The present study in adult patients suffering from intractable TLE with various aetiologies was designed to investigate: (i) vascular remodelling, (ii) the expression of angiogenic factors and tyrosine kinase receptors, (iii) a possible impairment of the BBB. In parallel, we looked for similar modifications during the development of epilepsy in the rat model of lithium-pilocarpine-induced status epilepticus (SE) which generates a chronic limbic epilepsy (Turski et al., 1989).

Subjects, materials and methods

Subjects and clinical data

This study was in accordance with French Ethical Committee and received the approval of the Comité National Informatique et Libertés. All patients (or their families) were informed of additional studies performed on surgical tissue and provided a written consent. Tissue was obtained and used in a manner compliant with the Declaration of Helsinki.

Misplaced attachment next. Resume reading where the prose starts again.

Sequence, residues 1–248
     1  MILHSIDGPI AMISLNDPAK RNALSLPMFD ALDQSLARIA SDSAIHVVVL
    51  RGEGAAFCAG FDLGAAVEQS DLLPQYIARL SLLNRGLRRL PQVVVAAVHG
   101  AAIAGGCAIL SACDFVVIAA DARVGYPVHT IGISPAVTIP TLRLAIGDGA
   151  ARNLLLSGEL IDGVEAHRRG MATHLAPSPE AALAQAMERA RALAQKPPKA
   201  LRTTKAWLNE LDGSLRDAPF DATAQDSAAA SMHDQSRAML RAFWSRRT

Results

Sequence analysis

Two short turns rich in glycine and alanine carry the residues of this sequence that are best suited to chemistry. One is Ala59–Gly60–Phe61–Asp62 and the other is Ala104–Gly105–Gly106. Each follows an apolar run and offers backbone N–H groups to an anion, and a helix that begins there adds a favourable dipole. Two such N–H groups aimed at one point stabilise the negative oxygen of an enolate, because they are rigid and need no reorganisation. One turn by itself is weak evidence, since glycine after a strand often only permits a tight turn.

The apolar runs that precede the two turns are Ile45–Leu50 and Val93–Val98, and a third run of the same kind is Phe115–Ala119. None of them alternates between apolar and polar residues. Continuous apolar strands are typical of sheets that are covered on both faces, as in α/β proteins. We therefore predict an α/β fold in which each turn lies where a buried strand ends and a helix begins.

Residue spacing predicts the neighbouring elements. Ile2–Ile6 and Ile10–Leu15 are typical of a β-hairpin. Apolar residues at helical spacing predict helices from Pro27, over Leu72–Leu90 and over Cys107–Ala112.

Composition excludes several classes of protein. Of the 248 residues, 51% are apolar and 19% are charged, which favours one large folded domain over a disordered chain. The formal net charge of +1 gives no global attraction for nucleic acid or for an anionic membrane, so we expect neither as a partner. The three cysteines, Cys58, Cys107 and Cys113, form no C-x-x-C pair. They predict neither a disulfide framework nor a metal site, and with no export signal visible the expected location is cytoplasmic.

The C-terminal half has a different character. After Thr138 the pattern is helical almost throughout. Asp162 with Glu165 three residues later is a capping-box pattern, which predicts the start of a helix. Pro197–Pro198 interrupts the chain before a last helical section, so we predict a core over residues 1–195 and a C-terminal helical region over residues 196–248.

All patients suffered from intractable partial complex seizures and the epileptic focus was localized on the temporal lobe, as revealed by neurological examination, long-term EEG-video-monitoring and morphological MRI to detect HS, defined by T2 hyper signal and decrease of hippocampal volume. They had a right or left classical TLE, except for one patient who showed an external temporal lobe focus. All patients underwent blood flow studies with 99mTc-HMPAO-single photon emission computed tomography (SPECT), during periictal and interictal periods. All clinical data are detailed in Table 1. Surgery consisted of anterior temporal lobectomy with amygdalo-hippocampectomy made by the same neurosurgeon for all epileptic patients. Several samples of each hippocampus were either rapidly frozen in liquid nitrogen or fixed by immersion in 10% buffered formalin and processed into liquid paraffin for histological evaluation and immunohistochemistry. The temporal poles were directly frozen in liquid nitrogen.